It is estimated that 10-20 percent of the world’s population are neurodiverse and one in seven UK university applicants reported having Attention Deficit Hyperactivity Disorder (ADHD) and/or are autistic.
Making up such a large proportion of the current and future workforce, now, more than ever, we need to understand the differences in how the neurodiverse like to work and what makes work accessible to them.
Download and read the latest ThirtyThree Megatrends – “The neurodiverse talent pool: An opportunity within hybrid working”.
We unpack how the changing world of work and hybrid working are helping the neurodiverse into work and what employers can do to be better allies. We look at the hiring process, communications, and flexible working, as well as the resources you need to make your workplace more accessible.
What is neurodiversity?
Firstly, we need to understand what we mean by neurodiversity and why it matters in the workplace. Neurodiversity describes the diversity of the human cognition, from ADHD and Autism to Dyslexia and Tourette Syndrome.
All neurodiverse people will exhibit different characteristics and experience different challenges. So, it’s important not to make generalisations and assume everyone is the same and will have the same needs.
The benefits of neurodiversity in the workplace
Neurodiversity is having its moment and gaining prominence in media as an essential part of the Diversity, Equity, and Inclusion (DE&I) movement. So, workplaces should be taking the needs of this group seriously.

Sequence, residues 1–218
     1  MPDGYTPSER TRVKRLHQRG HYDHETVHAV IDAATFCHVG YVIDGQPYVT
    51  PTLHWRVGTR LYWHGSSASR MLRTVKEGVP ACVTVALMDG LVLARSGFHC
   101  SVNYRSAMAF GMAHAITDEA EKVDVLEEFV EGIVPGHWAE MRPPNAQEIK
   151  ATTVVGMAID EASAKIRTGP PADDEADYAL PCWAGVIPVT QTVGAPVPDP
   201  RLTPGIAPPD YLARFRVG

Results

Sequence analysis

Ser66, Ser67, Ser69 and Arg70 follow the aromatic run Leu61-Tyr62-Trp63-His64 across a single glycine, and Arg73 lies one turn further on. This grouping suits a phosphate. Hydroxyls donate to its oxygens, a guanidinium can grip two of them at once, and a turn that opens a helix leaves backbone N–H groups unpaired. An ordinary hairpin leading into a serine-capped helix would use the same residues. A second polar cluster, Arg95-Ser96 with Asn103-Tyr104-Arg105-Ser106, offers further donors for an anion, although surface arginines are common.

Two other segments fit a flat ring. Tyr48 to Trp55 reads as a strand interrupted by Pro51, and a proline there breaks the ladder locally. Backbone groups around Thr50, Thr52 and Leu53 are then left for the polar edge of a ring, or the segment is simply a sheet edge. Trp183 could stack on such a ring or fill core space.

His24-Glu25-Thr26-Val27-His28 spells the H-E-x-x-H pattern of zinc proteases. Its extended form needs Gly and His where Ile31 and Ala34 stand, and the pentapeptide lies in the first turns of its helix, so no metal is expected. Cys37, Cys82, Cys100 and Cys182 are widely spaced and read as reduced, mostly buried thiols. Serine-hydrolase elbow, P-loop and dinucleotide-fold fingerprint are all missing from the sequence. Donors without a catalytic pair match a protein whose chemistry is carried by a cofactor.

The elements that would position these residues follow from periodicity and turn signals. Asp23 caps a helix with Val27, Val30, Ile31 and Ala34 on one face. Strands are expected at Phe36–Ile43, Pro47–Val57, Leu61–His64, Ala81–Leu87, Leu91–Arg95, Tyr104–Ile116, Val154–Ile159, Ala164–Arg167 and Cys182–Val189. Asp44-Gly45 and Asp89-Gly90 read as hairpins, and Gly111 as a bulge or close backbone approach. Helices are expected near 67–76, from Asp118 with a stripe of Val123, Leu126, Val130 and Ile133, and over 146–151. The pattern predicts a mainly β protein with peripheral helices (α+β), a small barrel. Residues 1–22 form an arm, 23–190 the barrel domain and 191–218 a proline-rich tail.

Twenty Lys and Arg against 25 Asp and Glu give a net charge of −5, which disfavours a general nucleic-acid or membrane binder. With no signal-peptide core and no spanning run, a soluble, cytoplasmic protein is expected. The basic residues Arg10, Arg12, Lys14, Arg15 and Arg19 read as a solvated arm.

DE&I is no longer a "nice-to-have" for employers.
76% of jobseekers look at diversity and inclusivity when deciding whether to accept a job offer. And the next generation expect it or will leave their organisation within two years if they are not satisfied with its DE&I efforts.
Harnessing diversity of thought leads to better business results.
Diversity of thought is the idea that each of us have different preferences over the way we think, due to acquiring knowledge and understanding in various and unique ways. Diverse teams are more creative, diligent, and harder working. And according to one study, decisions made and executed by diverse teams deliver 60 percent better results.
Diversity and inclusion must go hand-in-hand
By providing everyone with room to voice their ideas, and by also representing different groups, you open up the opportunity for problems to be solved differently, for unique perspectives to be heard and for meaningful collaboration to happen.
Employers are missing an opportunity.
25 percent of CEOs are dyslexic and research has shown that teams with neurodiverse colleagues in them can be 30% more productive than those without. Yet many with neurodivergence find the workplace a daunting and difficult place to enter, with many finding barriers in their way right from the first hurdle.
Addressing the needs of this group and helping them get into work will not only improve the diversity and quality of your teams but also help with combating labour shortages by tapping into the economically inactive.
What can we do for you?
If you would like more information, or help making your workplace more accessible, get in touch email@example.com.